Mr. Slippery (47854) | more than 4 years ago | (#33415954)

Don't these prosecutors have better things to do than try to keep people who want a divorce together by law?

Philippines. 80% Catholic. [wikipedia.org] Thanks to religious bullshit, you basically can't get a divorce there [wikipedia.org] . (Well, according to the wik, so some irony here...)

Which is why this is about an "annulment", which requires you to have -- or pretend to have -- some sort of reason why the marriage was never actually valid, such as "psychological incapacity".

Just speculating, but perhaps the prosecutor knows this is a bunch of BS, didn't really want to block the annulment, but still has to look busy?

Re:Why even appeal a marriage annulment? (1)

DocSavage64109 (799754) | more than 4 years ago | (#33415992)

Thank you! This explanation finally makes sense to me.

Confused (1)

jonescb (1888008) | more than 4 years ago | (#33415432)

Didn't read the TFA since this is Slashdot and all, but based on the summary how did the defendant know Wikipedia was their source? It just sounds like the defendant looked at the Wikipedia article and decided it was similar to what the prosecutor said.

Re:Confused (4, Interesting)

TouchAndGo (1799300) | more than 4 years ago | (#33415586)

Yeah, the wording is confusing.

"In her brief, the ex-wife said “the authority, alluded to by oppositor-appellant, the ‘Diagnostic and Statistical Manual of Mental Health Disorders DSM-IV-TR,’ was taken from an Internet website commonly known as Wikipedia.”"

It makes it sound as though the DSM only exists in the fairytale land of Wikipedia. Unless he SAID "from this article about the DSM on wikipedia", in which case he's just a dumbass

Re:Confused (1)

RivenAleem (1590553) | more than 4 years ago | (#33415802)

Why isn't the ex-wife attending court (for an appeal of marriage annulment no less) in her briefs not the subject of the article?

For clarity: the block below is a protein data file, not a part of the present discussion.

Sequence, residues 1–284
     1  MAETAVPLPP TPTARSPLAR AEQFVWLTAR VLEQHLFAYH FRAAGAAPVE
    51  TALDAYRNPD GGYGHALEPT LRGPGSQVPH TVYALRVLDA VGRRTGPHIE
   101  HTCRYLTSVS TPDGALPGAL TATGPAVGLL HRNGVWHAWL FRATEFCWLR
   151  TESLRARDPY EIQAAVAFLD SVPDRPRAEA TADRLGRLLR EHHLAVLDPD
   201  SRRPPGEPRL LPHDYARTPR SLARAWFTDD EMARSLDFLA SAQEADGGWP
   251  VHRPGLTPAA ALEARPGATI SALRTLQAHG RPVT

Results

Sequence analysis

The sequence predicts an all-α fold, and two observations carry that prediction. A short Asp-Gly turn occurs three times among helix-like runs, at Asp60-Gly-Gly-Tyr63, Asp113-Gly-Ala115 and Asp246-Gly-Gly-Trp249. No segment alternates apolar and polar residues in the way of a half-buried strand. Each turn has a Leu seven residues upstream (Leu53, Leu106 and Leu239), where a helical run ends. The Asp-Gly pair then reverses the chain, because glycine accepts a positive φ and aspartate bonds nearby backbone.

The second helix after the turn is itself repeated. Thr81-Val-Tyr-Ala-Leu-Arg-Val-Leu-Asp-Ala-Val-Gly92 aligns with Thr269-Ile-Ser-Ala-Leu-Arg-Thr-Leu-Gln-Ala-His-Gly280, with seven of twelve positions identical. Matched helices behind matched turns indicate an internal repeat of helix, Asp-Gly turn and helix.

Re:Confused (0)

Anonymous Coward | more than 4 years ago | (#33415906)

Maybe she prefers boxers.

Re:Confused (1)

codegen (103601) | more than 4 years ago | (#33415610)

Because in appeal briefs you have to provide citations for your assertions. The prosecutor actually cited Wikipedia as the source.

Stupid... (1)

DarkKnightRadick (268025) | more than 4 years ago | (#33415440)

...One of the things duct tape cannot fix.

OTOH, you can find the DSM-IV here [psychnet-uk.com] , among other places online.

Re:Stupid... (2, Insightful)

pspahn (1175617) | more than 4 years ago | (#33415552)

Well, if you can't credibly use wikipedia to cite a well-known medical book such as the DSM-IV-TR, then what can you cite with wikipedia?

I know, I know, it's wikipedia, and you shouldn't be citing it, but c'mon! I know that politically motivated wiki pages shouldn't be cited because of bias, but what about stuff that is standard knowledge? If I cited wikipedia as my source for stating that copper's atomic number is 29, why is my source not credible?

Re:Stupid... (0)

Anonymous Coward | more than 4 years ago | (#33415688)

Well, if you can't credibly use wikipedia to cite a well-known medical book such as the DSM-IV-TR, then what can you cite with wikipedia?

I know, I know, it's wikipedia, and you shouldn't be citing it, but c'mon! I know that politically motivated wiki pages shouldn't be cited because of bias, but what about stuff that is standard knowledge? If I cited wikipedia as my source for stating that copper's atomic number is 29, why is my source not credible?

Maybe because I can go in and edit to say the atomic number is 42, which will stay for an unknown period of time until someone edits it back?

Re:Stupid... (4, Insightful)

wjousts (1529427) | more than 4 years ago | (#33415716)